We’ve previously looked at the topic of restraining orders, which, in the context of family court, are orders that prohibit the contact that one party can have with another. A restraining order has to be requested by way of a motion, and the party seeking the order must provide affidavit evidence to substantiate the need for the order.
Recently, the Ontario Court of Justice ruled on a motion in which one party (the mother) brought a motion for a temporary restraining order against the other (the father): R.S. v. M.S.M.. In making its decision, the Court reviewed the legal principles with respect to restraining orders, adopting the analysis of Justice Spence in McCall v. Res.
Restraining Orders: Legal Principles
The legal principles guiding the court’s analysis can be summarized as follows:
- The statutory authority for the making of a restraining order emanates from s. 35 of the Children’s Law Reform Act and s. 46 of the Family Law Act;
- Both statutes require that the person seeking a restraining order must have reasonable grounds to fear for his or her own safety or for the safety of any child in his or her lawful custody;
- It’s not necessary for a respondent to have actually committed an act, gesture or words of harassment to justify a restraining order; it is enough that an applicant has a legitimate fear of such acts being committed;
- There can be fears of the applicant that are of a personal or subjective nature, but they must be related to a respondent’s actions or words; a court must be able to make this connection for these fears to weigh in the analysis; and
- The fears of the applicant may be equally for psychological safety, as well as for physical safety.
Findings in R.S. v. M.S.M.
In R.S. v. M.S.M., the Court granted the mother’s request for a temporary restraining order that the father be restrained from molesting, annoying or harassing her or the child or coming within 500 meters of anywhere that she and the child might reasonably be expect to be.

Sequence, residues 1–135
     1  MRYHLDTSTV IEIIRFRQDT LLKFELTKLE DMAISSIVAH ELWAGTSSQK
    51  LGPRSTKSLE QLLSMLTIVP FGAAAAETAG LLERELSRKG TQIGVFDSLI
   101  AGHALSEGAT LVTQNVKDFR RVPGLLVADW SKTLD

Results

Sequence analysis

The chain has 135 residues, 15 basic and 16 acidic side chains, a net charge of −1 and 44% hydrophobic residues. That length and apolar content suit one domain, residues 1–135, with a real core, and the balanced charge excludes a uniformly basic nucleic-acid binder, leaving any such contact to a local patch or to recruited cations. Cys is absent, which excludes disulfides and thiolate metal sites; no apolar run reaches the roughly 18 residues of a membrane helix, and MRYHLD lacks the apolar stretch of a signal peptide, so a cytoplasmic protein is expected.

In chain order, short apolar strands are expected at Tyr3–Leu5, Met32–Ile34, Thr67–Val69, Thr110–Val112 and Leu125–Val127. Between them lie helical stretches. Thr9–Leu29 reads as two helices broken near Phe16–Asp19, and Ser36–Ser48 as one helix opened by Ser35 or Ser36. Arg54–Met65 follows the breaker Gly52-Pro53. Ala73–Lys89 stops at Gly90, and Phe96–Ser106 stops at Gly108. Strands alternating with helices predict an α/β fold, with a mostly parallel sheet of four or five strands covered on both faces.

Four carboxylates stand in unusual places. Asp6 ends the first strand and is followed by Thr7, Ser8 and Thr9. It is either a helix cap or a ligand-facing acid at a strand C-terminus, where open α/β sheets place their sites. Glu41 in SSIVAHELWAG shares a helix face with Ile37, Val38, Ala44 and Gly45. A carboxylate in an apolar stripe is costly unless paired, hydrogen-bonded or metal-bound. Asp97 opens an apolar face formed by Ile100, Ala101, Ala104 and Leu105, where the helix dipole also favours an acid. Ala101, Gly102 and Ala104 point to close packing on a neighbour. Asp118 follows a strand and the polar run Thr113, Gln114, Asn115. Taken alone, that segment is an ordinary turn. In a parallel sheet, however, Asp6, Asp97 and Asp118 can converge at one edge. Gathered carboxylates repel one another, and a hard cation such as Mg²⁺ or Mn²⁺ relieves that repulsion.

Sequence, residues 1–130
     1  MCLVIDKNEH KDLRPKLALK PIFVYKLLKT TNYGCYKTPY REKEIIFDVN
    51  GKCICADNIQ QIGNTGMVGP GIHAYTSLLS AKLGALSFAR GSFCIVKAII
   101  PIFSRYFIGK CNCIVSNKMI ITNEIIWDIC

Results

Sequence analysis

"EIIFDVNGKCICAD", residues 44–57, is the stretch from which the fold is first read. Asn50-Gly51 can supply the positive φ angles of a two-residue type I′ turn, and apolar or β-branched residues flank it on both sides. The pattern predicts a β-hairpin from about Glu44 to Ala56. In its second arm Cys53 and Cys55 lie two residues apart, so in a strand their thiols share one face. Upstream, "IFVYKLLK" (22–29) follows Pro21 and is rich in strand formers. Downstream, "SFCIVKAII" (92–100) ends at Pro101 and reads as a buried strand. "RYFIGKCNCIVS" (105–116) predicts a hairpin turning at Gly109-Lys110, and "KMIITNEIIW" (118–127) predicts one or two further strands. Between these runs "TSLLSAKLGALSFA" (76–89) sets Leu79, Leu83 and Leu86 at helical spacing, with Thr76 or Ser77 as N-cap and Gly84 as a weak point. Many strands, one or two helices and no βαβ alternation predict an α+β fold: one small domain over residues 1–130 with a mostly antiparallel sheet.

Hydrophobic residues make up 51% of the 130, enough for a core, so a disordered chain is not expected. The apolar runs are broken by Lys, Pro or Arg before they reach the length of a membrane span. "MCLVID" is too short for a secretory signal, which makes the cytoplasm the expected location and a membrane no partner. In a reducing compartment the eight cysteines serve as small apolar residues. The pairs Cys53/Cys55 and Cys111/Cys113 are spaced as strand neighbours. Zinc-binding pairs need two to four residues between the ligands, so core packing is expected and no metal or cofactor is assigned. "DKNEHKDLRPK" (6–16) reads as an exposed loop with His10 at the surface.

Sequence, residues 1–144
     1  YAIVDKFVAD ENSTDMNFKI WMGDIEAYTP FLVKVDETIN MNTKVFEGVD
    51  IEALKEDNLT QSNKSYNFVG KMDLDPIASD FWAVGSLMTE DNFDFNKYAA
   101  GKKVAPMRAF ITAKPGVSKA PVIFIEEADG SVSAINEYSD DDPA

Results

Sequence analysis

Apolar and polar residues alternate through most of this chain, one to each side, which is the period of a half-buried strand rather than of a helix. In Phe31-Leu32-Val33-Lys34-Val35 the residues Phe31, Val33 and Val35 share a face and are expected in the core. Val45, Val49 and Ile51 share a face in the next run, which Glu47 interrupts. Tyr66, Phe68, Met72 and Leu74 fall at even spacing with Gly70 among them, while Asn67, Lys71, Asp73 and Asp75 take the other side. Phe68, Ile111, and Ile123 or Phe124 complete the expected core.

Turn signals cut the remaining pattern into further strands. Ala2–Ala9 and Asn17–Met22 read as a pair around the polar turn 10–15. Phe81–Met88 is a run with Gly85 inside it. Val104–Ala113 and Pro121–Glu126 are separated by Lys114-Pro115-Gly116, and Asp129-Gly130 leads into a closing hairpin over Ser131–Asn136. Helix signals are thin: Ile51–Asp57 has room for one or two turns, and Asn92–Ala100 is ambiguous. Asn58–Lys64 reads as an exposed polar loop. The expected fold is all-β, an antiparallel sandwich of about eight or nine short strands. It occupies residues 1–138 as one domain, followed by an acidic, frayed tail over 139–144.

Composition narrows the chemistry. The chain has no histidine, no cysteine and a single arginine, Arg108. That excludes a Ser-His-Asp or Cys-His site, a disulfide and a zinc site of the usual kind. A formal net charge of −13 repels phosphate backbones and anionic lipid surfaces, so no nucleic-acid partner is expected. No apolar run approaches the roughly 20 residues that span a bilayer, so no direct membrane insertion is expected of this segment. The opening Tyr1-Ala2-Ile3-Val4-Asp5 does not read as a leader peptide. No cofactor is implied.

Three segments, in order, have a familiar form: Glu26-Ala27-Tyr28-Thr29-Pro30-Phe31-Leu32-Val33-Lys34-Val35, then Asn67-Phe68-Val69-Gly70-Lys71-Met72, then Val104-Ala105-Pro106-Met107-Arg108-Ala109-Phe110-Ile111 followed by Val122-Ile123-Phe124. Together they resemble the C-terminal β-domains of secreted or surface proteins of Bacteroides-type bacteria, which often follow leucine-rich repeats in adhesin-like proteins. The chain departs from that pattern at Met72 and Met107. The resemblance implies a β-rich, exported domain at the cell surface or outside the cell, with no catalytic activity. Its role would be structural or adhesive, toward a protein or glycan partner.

The Court accepted the mother’s evidence in support of her allegations that the father had been violent, threatening and controlling with her. The mother’s evidence included the following:
- the father threatened to deport her from Canada and take her child from her;
- the father threw objects across the room and swore at her in front of the child when enraged;
- he did not let her communicate with friends and family in Pakistan and threatened that if she didn’t leave Canada quietly he would make sure she left Canada alive or dead; and
- the father’s harassment had been escalating in recent months.
Although the mother did not provide affidavits from her family members, or submit any police records, the Court recognized the power imbalance between the parties, and recognized that the mother was afraid and had been controlled by the father and his family for a long time. In granting the order, the Court concluded that:
- The mother’s fear of the father was reasonable;
- Even if the extent of the mother’s fear of the father was subjective, it was legitimate;
- The mother feared for her psychological safety as well as her physical safety; and
- The terms of the order sought by the mother were reasonable and proportionate.
Domestic violence is a terrible reality for many Canadians, however, there are resources available for victims. If you need assistance or have questions, talk to a lawyer to learn where you can go to get help, who to talk to for counselling services, and what legal resources may be available for you. Reach out to the team at Gelman & Associates at (416) 736-0200 or 1-844-742-0200 or contact us online for a confidential initial consultation.